Target on Monday said that its REDcard loyalty members, who enjoy 5% off all purchases and free online shipping (but unlike Costco or Amazon Prime don’t pay a membership fee) will be able to pay via mobile starting in November, according to a press release.
As part of its holiday plans, Target is also touting the eight new private label apparel and home goods brands its launched within the last year (including Project 62, A New Day, Goodfellow and Co, JoyLab and Hearth & Hand with Magnolia) and a "gift hub" service allowing gift recipients to choose the color or size of a gift or exchange it for something else before the giver’s item ships, according to a company blog post.
After a lukewarm holiday season last year, Target is reducing the amount of promotions it will have and doubling down on differentiated merchandise, according to the Minneapolis Star Tribune.
Target is once again turning to its well established merchandise differentiation to offset price competition in the less dazzling consumer product category. That's been a key Target strategy since it lost a bruising price war with Walmart in the 1980s. In addition to partnerships with designers and brands, Target is working hard to bolster its own brands. The new private label lines have been developed using the same research and design approach applied to developing its successful Pillowfort and Cat & Jack kids lines.
Apparel and home decor are where the big-box retailer has been leveraging its efforts most, which makes sense considering earlier this year outgoing CFO John Mulligan said the categories account for about $26 billion in sales. In addition to the private labels, apparel collections touting celebrity partnerships have also helped differentiate the retailer’s merchandise of late. It’s tie-up with British singer Victoria Beckham in April broke online sales records for the retailer’s design partnerships without the attendant frenzy that irritated customers in past collaborations, notably its 2015 Lilly Pulitzer effort. Home decor, and to a lesser degree smart home products, have also become winning categories.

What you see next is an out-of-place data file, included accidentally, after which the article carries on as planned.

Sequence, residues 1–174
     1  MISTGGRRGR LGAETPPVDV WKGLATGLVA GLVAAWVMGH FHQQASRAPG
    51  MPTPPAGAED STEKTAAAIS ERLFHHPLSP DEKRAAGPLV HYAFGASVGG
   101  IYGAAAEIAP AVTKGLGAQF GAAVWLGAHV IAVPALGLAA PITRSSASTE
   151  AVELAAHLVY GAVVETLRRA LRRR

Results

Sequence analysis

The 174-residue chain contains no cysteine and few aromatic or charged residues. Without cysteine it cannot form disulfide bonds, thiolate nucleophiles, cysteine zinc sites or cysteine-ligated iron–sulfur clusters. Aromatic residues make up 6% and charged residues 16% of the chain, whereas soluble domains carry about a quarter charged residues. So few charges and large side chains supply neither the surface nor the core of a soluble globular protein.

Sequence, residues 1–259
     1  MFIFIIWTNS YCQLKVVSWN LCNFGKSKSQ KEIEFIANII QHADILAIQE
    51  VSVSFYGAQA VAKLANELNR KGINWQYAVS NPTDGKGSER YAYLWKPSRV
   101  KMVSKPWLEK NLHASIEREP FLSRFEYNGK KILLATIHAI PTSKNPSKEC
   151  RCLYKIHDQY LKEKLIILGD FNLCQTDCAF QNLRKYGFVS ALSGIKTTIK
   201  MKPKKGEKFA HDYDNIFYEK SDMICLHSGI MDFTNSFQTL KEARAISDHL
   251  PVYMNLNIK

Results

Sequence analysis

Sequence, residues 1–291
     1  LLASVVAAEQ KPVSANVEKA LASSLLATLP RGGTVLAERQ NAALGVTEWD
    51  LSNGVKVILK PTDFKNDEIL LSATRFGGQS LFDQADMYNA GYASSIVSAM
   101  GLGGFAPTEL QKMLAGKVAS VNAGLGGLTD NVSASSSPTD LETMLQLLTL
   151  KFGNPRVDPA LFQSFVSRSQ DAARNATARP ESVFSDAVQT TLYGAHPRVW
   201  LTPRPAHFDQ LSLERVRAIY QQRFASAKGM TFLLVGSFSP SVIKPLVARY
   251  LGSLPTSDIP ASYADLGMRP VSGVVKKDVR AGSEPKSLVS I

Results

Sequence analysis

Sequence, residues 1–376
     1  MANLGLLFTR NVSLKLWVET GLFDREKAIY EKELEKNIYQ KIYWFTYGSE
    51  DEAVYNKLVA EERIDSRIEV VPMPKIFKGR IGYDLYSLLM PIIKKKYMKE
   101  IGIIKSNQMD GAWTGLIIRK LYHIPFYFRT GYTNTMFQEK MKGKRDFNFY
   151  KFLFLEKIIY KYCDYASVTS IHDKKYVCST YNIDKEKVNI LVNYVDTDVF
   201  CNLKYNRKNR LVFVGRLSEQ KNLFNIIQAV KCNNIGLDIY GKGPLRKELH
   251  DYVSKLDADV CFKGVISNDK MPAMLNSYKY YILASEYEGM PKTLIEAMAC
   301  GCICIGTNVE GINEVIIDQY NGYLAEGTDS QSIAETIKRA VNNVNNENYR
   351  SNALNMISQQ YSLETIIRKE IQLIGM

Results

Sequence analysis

"I think their goal is to build their in-house brands more," Maya Mikhailov, chief marketing officer and co-founder of GPShopper, told Retail Dive earlier this year. "Target was always known for design, earning the moniker 'Tar-zhay.' Their new streak appears to be focused on re-energizing that. It seems to be a natural extension of what their original brand promise was."
Target's hopes are well founded. Sales from such merchandise have been able to bolster margins amid an emerging price war in consumables and grocery. Last month, Target announced a series of price cuts to those goods, an effort to get the word out that it's willing to play on that field. While Target has a reputation for being higher priced than Walmart, that’s not quite true, Keith Anderson, Profitero vice president of strategy and insights, told Retail Dive.
"I don’t know that they really struggle to compete on price the way some people perceive them to," Anderson said. "Target does carry items closer to the 'better' and 'best' category, but on exactly the same item, Target really is competitive. People walk into Walmart and walk out pleased about the prices, and people walk into Target and walk out with things they hadn’t planned on buying, so they perceive Target as more expensive.”